38. To mark with pits of little hollows: to set in competition:- pr. p. pitting; pa. t. and pa. p. pitted.
  39. A hole in the earth; indentation; parquet of a theatre.
  40. To mark with pits; set in antagonism.
  41. To mark with pits or hollows.
  42. To set in antagonism.
  43. To put into a pit.
  44. To become marked with pits.
  45. A cavity; depression; abyss.
  46. The main floor of the auditorium of a theater.
  47. An enclosed space, as for the fighting of cocks or dogs.
  48. The kernel of certain fruits.
  49. A deep hole in the earth; an abyss; the grave; the area for cock fighting; the ground- floor of a theatre; a hollow; the bottomless pit.
  50. To press into hollows; to mark with hollows; to set in competition.
  51. A hollow or cavity, more or less deep, made by digging in the earth; the shaft of a mine; any hollow or depression, as on the skin, under the arm, & c.; a snare for wild beasts, consisting of a deep concealed hole in the ground; the lowest and central part of a theatre; the area on which cocks fight; whatever entraps; the grave; the bottomless pit.
  52. To form into little hollows; to place in a pit or hole; to set against in competition, as in a combat.
  53. A depression formed in the course of cell- wall thickening in plant tissue; an embryonic olfactory depression.

Usage examples for pit

  1. It was almost terrible to her, and the silence was like a deep pit. – The Trespasser by D.H. Lawrence
  2. With a crash the trap was sprung, with the pit yawning beneath it. – The Master Mystery by Arthur B. Reeve and John W. Grey
  3. The pit was scarcely six feet across. – The Call of the Canyon by Zane Grey
  4. " It is not for me to thank you," Mr. Peat said-" I have nothing to do with this pit- the owner, to whom what has happened will be reported, will do that; but personally I am obliged to you, Mr. Lindo, and I am sure the men are." – The New Rector by Stanley J. Weyman
  5. The pit roared with laughter at first. – San-Cravate; or, The Messengers; Little Streams by Charles Paul de Kock
  6. Sometimes, of course, men rose from the pit. – In the Heart of a Fool by William Allen White
  7. Suppose there is, right at the back of the pit, a small, weak boy. – Britain for the British by Robert Blatchford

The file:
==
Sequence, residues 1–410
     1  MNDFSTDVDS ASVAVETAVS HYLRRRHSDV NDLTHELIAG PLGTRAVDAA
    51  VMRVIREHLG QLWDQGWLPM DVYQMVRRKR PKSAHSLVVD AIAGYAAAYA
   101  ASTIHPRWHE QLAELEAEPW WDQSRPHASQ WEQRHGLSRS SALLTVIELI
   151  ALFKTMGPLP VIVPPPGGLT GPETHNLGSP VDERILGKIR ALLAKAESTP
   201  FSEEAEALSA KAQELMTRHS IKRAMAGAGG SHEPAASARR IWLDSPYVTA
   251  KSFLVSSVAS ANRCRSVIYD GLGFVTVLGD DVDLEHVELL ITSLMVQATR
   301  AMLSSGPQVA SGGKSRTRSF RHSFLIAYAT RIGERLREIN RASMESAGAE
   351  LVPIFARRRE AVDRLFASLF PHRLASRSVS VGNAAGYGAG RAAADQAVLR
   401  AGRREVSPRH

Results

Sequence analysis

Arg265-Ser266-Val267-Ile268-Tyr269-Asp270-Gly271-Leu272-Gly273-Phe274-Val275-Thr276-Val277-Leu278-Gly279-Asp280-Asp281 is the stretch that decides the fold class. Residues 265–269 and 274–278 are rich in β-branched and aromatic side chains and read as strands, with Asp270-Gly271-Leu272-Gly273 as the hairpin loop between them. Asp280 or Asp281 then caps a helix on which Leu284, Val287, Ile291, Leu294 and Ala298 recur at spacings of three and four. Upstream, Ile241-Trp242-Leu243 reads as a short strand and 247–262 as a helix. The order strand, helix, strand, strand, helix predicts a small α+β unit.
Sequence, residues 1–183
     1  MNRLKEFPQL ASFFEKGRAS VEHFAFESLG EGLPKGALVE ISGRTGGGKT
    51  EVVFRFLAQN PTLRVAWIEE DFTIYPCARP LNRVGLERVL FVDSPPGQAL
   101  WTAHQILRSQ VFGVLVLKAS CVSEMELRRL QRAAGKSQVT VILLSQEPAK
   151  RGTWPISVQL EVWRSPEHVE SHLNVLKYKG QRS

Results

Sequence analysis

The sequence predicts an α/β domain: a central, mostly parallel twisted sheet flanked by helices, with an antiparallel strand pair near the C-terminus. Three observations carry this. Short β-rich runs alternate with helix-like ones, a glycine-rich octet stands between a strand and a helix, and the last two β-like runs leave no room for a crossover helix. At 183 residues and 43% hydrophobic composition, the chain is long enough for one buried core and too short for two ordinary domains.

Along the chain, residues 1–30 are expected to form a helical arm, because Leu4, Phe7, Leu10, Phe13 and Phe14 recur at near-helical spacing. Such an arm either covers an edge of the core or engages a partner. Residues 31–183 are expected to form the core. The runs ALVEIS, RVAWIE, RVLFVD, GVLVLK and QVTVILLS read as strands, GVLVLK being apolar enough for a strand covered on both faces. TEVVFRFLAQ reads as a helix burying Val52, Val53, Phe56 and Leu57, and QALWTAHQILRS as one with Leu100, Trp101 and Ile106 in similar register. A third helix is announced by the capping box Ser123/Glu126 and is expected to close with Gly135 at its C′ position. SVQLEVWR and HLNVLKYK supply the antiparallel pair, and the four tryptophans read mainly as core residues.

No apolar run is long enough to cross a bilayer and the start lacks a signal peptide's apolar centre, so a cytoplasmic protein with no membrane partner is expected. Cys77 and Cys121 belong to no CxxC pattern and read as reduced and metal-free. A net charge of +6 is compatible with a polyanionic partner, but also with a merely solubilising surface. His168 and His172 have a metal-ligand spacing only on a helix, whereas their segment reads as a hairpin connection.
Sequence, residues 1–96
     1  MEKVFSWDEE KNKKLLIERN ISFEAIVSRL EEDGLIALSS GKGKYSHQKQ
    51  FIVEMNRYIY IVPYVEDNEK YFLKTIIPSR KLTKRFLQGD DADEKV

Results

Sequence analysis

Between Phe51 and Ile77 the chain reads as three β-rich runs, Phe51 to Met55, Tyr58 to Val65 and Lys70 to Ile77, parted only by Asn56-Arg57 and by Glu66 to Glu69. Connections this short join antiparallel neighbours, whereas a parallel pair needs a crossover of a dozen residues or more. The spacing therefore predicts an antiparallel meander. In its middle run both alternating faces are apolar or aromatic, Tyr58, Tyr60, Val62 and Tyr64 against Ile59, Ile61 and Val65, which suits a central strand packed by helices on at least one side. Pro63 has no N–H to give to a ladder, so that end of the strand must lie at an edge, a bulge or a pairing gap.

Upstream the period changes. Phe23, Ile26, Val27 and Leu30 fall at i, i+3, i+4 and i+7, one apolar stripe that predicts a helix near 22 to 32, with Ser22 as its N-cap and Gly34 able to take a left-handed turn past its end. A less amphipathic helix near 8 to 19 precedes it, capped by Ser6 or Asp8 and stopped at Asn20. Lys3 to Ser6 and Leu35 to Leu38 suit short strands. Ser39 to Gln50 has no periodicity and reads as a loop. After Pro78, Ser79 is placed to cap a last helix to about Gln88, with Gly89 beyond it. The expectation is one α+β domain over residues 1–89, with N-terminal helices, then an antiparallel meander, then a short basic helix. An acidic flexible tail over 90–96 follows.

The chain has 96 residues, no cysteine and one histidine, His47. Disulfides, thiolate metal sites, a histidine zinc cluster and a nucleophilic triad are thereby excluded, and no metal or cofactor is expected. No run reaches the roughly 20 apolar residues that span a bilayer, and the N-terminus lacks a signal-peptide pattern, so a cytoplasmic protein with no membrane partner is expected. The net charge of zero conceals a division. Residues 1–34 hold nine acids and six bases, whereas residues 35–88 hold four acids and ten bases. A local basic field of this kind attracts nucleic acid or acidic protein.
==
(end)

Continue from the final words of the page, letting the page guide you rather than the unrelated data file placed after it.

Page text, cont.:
8. An' may the Lord pit it in her hairt to write soon! – The Eye of Dread by Payne Erskine
  9. And so it got aboot in the pit that I could sing a bit. – Between You and Me by Sir Harry Lauder
  10. Hawksworth stared again at the pit. – The Moghul by Thomas Hoover
  11. Dig an oval pit under the fore- stick, large enough to hold him, and fill it with hot coals, keeping up a strong heat. – Woodcraft by George W. Sears
  12. But they could not spare room for the coffin; so the body was taken out of it, and thrown upon the heap which already occupied the pit. – Wanderings in South America by Charles Waterton
  13. They were grouped about that most terrible and frightening pit. – This Freedom by A. S. M. Hutchinson
  14. The gallery began to swim- the pit moved- the boxes appeared to wave backward and forward. – Wilson's Tales of the Borders and of Scotland, Vol. XX by Alexander Leighton
  15. In truth, he is as well bred as most of our politicians; and as to his honesty, I will pit him against any of them. – The Life and Adventures of Maj. Roger Sherman Potter by "Pheleg Van Trusedale" A pseudonym for Francis Colburn Adams
  16. Malcolm said nothing, but led the way to the pit entrance. – The Marquis of Lossie by George MacDonald
  17. And then he set himself to see just what he had done, while the high walls of sin seemed to rise closer about him, and his face burned with the heat of the pit into which he had put himself. – The City of Fire by Grace Livingston Hill
  18. Out of the Pit came a sound- I cannot describe it! – The Metal Monster by A. Merritt
  19. Anything like the sound of a rat Makes my heart go pit- a- pat! – Browning's Shorter Poems by Robert Browning
  20. An immense pit or trench is dug, capable of containing several hundred people. – Ismailia by Samuel W. Baker